• Myanmar’s junta executed four pro-Democracy activists including a close ally of deposed president Aung San Suu Kyi. The executions, which came 18 months after the elected government was ousted by a military coup, has triggered condemnation from the U.S., Japan, the European Union and Myanmar’s Southeast Asian neighbors.
(“Myanmar Junta Condemned for ‘Cruel’ Executions of 4 Democracy Activists,” Reuters, July 25, 2022; “Myanmar: Military Executes Four Democracy Activists Including Ex-MP,” BBC News, July 25, 2022)
• The Israeli maker of the notorious Pegasus spyware has launched a lobbying blitz in Washington, D.C. after the U.S. Commerce Department blacklisted the firm, preventing the cybersecurity firm from accessing U.S. technology. ProPublica reports the NSO Group, developer of the Pegasus spyware that has been sold to law enforcement and intelligence agencies around the world, spent hundreds of thousands of dollars on lobbyists and public relations consultants in the U.S.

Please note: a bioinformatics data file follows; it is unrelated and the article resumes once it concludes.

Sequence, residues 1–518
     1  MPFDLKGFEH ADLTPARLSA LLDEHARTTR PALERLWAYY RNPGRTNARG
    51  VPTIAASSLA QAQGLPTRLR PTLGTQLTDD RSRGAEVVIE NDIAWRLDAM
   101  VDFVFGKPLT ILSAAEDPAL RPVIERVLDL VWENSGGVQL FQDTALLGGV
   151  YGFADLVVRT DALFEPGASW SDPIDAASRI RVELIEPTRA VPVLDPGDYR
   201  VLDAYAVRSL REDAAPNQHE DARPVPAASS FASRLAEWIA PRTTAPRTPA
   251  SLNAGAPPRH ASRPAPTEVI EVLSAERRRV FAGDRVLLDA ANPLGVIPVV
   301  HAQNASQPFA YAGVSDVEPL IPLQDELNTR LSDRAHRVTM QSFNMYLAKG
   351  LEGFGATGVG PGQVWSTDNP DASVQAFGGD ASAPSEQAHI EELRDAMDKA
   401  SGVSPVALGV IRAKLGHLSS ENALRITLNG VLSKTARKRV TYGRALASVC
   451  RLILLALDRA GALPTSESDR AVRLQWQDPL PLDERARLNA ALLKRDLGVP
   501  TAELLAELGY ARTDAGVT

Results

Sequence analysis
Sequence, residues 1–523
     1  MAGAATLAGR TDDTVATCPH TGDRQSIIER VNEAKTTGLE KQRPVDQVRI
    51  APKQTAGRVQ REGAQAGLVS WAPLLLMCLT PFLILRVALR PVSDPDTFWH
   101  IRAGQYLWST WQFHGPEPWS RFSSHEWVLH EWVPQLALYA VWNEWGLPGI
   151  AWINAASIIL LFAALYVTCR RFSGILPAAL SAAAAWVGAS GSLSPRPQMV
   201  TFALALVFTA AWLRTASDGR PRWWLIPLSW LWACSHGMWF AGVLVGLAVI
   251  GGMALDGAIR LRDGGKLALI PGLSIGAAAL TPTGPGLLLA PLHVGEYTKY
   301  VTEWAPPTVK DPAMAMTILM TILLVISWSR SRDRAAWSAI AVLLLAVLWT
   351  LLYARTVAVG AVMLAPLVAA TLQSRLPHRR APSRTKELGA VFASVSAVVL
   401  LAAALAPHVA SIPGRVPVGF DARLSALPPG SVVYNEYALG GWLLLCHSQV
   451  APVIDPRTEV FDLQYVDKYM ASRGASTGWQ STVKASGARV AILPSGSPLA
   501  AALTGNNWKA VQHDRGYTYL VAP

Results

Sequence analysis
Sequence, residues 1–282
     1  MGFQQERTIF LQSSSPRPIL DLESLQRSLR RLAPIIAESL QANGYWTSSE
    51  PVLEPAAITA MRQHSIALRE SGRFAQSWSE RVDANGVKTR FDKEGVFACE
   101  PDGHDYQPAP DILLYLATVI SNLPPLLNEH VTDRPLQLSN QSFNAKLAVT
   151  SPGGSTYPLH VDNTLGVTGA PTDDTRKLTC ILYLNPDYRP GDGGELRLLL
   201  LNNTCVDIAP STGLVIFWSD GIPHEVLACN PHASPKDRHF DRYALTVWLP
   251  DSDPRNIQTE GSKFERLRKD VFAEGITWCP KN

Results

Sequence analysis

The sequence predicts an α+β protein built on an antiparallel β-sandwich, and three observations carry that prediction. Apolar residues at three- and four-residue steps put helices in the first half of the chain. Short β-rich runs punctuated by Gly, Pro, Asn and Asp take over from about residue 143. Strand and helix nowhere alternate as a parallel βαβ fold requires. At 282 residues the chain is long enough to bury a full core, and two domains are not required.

(“Pegasus Spyware Maker NSO Group Conducting a Lobbying Campaign to Get Off the Blacklist,” ProPublica, July 12, 2022;“Biden Administration Blacklists NSO Group Over Pegasus Spyware,“ Washington Post, Nov. 3, 2021)
• Only four days after a white supremacist murdered 10 African-Americans in a Buffalo supermarket, the city went on with business as usual conducting a short public hearing by the commission redrawing Buffalo’s city council district maps. The new maps, that used data from the 2020 census, looked very much like the old gerrymandered maps — at a time when Buffalo has gained population for the first time since the 1950s.
(“Buffalo Community Activists Show How to Right Gerrymandering,” The Nation, July 12, 2022; “Buffalo Redistricting Could be Test Case for New Voting Rights Law,” Spectrum News, July 26, 2022)
This week’s News Summary was narrated by Anna Manzo.